Doesn’t Anyone Listen?

Filed under: — lana @ 1:07 pm

I am beginning to think that brain tumor aside, I went crazy long ago and have been in fact having full conversations with brick walls instead of people on numerous occassions.

Issue number one: my combat action badge submittal was returned again. Despite the fact that several doctors have now established a connection to an explosion in Iraq affecting the general condition of whatever marbles were rolling around in my dome, there are simply those who prefer to believe what someone tells them instead of the paperwork in front of them, such as statements, manifests, and other proof. The nice thing is that the Veteran’s Administration might actually look at the paperwork one day, long after I am out of uniform. They will also be paying the tab on the brain problems that were exacerbated by the incident, so I suppose it is only fair to give them the honor of bestowing anything else that goes along with it.

Issue 2: I think someone, perhaps my First Sergeant, perhaps Xenu, perhaps whatever karma-punishing element there might be in the universe, has it in for me. For some reason, I just have trouble finding good help these days. Our unit has recently fallen into a little bit of a staffing problem as the Big Army figures out how to right itself from a little mess it made when it combined some jobs, got rid of a few others, and brought in civilians to make up for missing Soldier positions. The qualifications I hold have thus become a bit of a hot commodity in this little bubble in the market, but I appear to be federally controlled and not getting any pay raises for the things I get to deal with and the swapping around I get to do. I was just told yesterday that some of the things I have been chasing and in fact reenlisted for, such as deployments and courses, are now a liability because I can’t go away for too long without a backfill that the Army has yet to provide. While this should not affect my return at the end of the month to complete the course I was so rudely ripped from earlier in the summer, it does make the next two and a half years a little daunting. For the past two years I have been trying to weasel my way around staying in my current position, but the karma-gods have combined themselves with the brick walls until now it might be too late. I had better go to this course at the end of the month; it might be my last escape for awhile.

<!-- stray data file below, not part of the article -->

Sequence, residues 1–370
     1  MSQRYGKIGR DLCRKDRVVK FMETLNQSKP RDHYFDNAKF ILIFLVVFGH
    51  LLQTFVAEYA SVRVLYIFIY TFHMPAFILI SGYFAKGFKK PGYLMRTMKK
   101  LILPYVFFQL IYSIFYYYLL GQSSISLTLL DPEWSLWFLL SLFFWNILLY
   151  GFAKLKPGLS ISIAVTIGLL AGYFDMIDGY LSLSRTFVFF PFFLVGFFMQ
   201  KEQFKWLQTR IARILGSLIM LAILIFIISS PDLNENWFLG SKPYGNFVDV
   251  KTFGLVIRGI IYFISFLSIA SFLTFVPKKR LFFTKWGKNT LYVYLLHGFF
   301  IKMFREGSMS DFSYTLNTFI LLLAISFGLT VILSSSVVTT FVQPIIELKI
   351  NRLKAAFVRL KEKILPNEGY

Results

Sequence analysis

Issue 3: My Soldiers seem to have put their common sense into a lovely, carved, wooden chest, locked it, and then buried it somewhere, and now have apparently lost the treasure map. This isn’t that much of a surprise, actually, as I already knew this about them, but conversations in the past week have sometimes gone past trying to talk to the brick wall and resulted in my beating my head against it instead. I am starting to wonder if this isn’t part of some dastardly plan on the part of my command to get a few giggles at my expense as I try to figure out not only why, but how my Soldiers come up with some of the things that come out of their mouths and the things they do.